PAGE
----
Note that I agree with you about implementing glsl/GL only for now, aiming at finishing geometry shader first.

But you have to explain why you discarded CG at some point, and even why not even trying CG once glsl finished. (using condition-based planning, if DX10 finished, if CG estimation work small, etc...)

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Post by Assaf Raman »

tuan kuranes wrote:
Noman wrote:...CG is a problem because I think that the current version of the CG compiler doesn't support DX10, so its basically abstracted GLSL currently...
It will surely support hlsl4* profiles soon at some point. It's like the fact that OpenGL geometry shaders are Nvidia only for now, but will surely be supported by other vendors...
Have a look here: http://developer.nvidia.com/object/cg_toolkit.html
New OpenGL profiles (gp4vp, gp4gp, and gp4fp) for GeForce 8 extensions
These expose new DirectX 10-class features including geometry shaders, bindable constant buffers for uniforms, texture arrays, first-class integer support and more
New Profiles:
p4vp, gp4gp,gp4fp - runs with OpenGL on GeForce 8 series.

Still no DX10 support - that is true - but geometry shaders support exists.
CG is more like HLSL4 then GLSL.
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Post by Noman »

I decided to add CG support as a potential stage in the later part of the project. It probably won't take too much time, and is a nice tagline to add to the finished product. Will probably have a bigger user base than the shadow technique, so I placed it just before it.

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Post by Noman »

The proposal got accepted! Rejoice!

Now I have a question for the community - which samples would you like to see working in Ogre? I already have a simple one for stage 3 of the project (which is for testing purposes, not showcase), but what are the coolest demos you've seen that use this feature?

I'm currently mainly thinking about the DX10 Shader Model 4.0 workshop ( http://msdn2.microsoft.com/en-us/library/bb172502.aspx and the NVIDIA OpenGL 10 SDK samples ( http://developer.download.nvidia.com/SD ... mples.html ). Has anyone seen a really impressive demonstration outside these two?

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Post by tuan kuranes »

In the DXSDK the particleGS sample, wins because of its simplicitiy and usefulness.

In ATI samples, the 'Global Illumination' one seems very interesting but may need more advanced DX10 rendersystem code and much more work...

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Post by Noman »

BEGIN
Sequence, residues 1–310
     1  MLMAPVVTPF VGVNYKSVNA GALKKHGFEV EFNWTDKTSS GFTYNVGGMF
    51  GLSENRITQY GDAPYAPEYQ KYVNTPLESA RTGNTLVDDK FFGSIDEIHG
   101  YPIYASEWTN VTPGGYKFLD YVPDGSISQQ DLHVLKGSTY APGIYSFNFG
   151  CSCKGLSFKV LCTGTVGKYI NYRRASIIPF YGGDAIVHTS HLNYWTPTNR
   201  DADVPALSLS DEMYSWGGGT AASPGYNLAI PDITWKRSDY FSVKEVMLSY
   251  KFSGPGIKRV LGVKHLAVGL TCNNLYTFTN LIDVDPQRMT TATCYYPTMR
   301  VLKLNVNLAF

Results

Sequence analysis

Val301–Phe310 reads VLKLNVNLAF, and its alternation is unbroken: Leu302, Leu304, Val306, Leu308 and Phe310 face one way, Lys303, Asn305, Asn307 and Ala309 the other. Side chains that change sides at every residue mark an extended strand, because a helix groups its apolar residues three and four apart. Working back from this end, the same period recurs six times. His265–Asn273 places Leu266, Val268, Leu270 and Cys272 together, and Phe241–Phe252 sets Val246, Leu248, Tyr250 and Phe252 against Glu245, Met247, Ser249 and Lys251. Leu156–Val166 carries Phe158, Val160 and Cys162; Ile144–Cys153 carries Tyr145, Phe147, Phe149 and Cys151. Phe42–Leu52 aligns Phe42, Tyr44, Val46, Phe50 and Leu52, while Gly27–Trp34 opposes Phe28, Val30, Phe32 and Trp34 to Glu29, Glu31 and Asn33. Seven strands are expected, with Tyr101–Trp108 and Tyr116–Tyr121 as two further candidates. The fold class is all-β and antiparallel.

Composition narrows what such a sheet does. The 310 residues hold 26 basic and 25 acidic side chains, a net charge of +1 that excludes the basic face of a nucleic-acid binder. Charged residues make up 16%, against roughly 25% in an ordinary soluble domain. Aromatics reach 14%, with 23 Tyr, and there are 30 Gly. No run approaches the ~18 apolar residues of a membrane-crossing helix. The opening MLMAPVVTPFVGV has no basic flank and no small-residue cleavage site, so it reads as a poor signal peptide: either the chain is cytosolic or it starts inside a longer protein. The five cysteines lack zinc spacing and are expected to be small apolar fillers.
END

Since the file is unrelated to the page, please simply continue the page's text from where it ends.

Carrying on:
Coding time started so I started laying down the framework.
I already did pretty much all of the API stuff (defining the new program type, adding it to passes etc). Some code cleanup was required in existing code that assumed there were only two types of programs.

Things like

Code: Select all

programType == GPT_VERTEX_PROGRAM ? (vertex shader code here) : (pixel shader code here)
don't work anymore and need to be changed to a switch/nested if.

I'm done with the first part and will probably commit the first batch of changes this weekend (need to make sure that spacing is consistant etc).

Also started work on the GL Render system support + basic demo.
I already correctly report whether or not the card supports geometry shaders, and started implementing the GL-specific calls along the pipeline.

My current uncertain point is how to handle the fact that when linking geometry shader programs, the input and output primitive types (ie triangle list, triangle fan etc) have to be specified explicitely.
Should I take the input from the render operation? Should the output be pre-specified in the vertex program? Haven't fully decided yet.
I'm actually currently leaning towards having the user give me both, just to be more strict, as when you write a geometry shader you know what primitives you are dealing with, so you can supply this information yourself (that also allows us to warn/throw exception when the input doesn't match instead of running a shader that will likely produce garbage)

Opinions?

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Post by Assaf Raman »

Noman wrote:Should I take the input from the render operation? Should the output be pre-specified in the vertex program?
This is a good question, we have to see it also in the scope of d3d10 - this is a gl specific problem… In hlsl4 this data is part of the shader code.

Well, I think that the best option I can see is to have this data as new parameters to the ogre high level shaders, I think you should add the following parameters: maxVertexCount, geometryOutputType, the input type should be as you suggested – based on the render operation. I will be happy to see what Sinbad thinks on this issue.